DETROIT -- Chevrolet is extending its sponsorship agreement with the Detroit Grand Prix, keeping it on Belle Isle through at least 2016.
"We love coming to Detroit to race," Chip Ganassi Racing driver Ryan Briscoe said Tuesday. "It's the Motor City."
Even though it seems natural to have auto racing in Detroit, the city recently went four years without an event.
Roger Penske wanted a major race back in Detroit and thanks to a deal with Chevy, the Detroit Grand Prix returned in 2012. Without the new contract, this year's IndyCar races could have potentially been the last ones scheduled here.
"Without the support of Chevrolet, we would not have been able to bring world-class auto racing back to the Motor City," Detroit Grand Prix chairman Bud Denke said. "And with an extension of this partnership, we know the future certainly looks bright on Belle Isle for the Grand Prix."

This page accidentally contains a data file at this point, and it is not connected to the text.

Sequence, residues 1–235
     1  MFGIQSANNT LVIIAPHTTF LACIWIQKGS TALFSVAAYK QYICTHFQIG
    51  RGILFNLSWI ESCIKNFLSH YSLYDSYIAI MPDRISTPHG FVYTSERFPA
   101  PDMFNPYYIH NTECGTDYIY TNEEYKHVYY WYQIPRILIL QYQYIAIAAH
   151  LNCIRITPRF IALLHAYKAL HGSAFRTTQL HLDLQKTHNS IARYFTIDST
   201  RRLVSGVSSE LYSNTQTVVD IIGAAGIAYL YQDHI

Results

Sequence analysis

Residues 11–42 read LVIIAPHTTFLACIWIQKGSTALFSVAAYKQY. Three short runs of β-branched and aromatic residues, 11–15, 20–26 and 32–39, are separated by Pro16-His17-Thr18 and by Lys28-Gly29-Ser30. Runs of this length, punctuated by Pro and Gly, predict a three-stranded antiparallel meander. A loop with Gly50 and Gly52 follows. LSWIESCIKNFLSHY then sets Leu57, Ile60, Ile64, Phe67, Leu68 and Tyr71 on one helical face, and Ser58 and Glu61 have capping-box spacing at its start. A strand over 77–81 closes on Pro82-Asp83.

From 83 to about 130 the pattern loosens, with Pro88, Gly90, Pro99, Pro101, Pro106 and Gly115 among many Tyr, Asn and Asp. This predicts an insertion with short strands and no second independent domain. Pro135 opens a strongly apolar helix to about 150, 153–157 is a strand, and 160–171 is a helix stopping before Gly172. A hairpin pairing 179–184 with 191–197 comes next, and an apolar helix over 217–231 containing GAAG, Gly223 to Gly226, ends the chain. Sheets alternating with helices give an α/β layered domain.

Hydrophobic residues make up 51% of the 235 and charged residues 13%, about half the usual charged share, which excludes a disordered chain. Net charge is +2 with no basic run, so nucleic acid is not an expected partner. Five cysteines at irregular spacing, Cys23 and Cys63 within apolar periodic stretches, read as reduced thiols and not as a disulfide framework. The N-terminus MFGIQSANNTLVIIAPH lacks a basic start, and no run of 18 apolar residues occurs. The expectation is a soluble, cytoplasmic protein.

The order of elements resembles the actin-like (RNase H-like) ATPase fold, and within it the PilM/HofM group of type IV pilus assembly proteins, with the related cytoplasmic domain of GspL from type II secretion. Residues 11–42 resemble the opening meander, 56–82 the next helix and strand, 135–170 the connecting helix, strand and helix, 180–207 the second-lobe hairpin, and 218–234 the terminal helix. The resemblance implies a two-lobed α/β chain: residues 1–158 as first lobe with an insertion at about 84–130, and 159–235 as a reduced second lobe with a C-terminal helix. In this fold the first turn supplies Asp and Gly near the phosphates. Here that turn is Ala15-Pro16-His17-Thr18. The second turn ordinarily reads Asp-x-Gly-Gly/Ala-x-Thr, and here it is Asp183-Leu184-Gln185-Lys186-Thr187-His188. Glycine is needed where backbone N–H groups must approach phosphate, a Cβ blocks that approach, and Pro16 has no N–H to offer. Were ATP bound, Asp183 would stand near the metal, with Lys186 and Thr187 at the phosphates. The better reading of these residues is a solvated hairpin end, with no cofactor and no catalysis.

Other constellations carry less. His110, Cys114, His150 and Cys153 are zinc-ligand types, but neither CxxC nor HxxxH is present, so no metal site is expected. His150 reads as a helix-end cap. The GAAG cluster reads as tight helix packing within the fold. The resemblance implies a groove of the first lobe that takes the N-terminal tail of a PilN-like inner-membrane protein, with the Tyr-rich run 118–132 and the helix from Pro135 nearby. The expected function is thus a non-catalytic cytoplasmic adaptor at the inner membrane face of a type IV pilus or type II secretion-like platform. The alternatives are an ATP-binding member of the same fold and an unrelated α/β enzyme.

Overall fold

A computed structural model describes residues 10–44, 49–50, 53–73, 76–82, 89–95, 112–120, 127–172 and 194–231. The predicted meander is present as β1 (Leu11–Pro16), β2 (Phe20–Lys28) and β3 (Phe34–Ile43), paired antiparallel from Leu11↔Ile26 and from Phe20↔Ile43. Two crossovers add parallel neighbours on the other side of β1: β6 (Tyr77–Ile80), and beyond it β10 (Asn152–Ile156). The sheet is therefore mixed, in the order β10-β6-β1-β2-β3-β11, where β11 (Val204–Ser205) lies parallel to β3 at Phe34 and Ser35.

The Detroit Grand Prix will feature a pair of races -- on May 30 and June 1 -- just like last year.
"With a double-header, you're racing for double the points over a single weekend," Briscoe said. "It's hard work. It's physical for sure. It's hard on the mechanics as well. It makes the whole procedure of the weekend a bit more rushed. The downtime between practice and qualifying sessions is a lot shorter and you have two full-distance races."
"The track's got a little bit of everything from concrete, asphalt, bumps, man-hole covers and walls," Briscoe said. "The layout is really good for racing. You've got a couple of long straightaways with big break zones, which is good for passing."
The Detroit Grand Prix has been good for Belle Isle.
Penske and people he has lined up have pumped time and money into the island in the Detroit River, improving its roads and sprucing up everything in between and beyond, including the Scott Fountain.
The Detroit Grand Prix plan to invest $400,000 into Belle Isle this year alone.
"So people can use it the other 51 weeks of the year," Denker said.
Belle Isle became a state park in February with the Department of Natural Resources taking over management as part of a cost-cutting effort for bankrupt Detroit.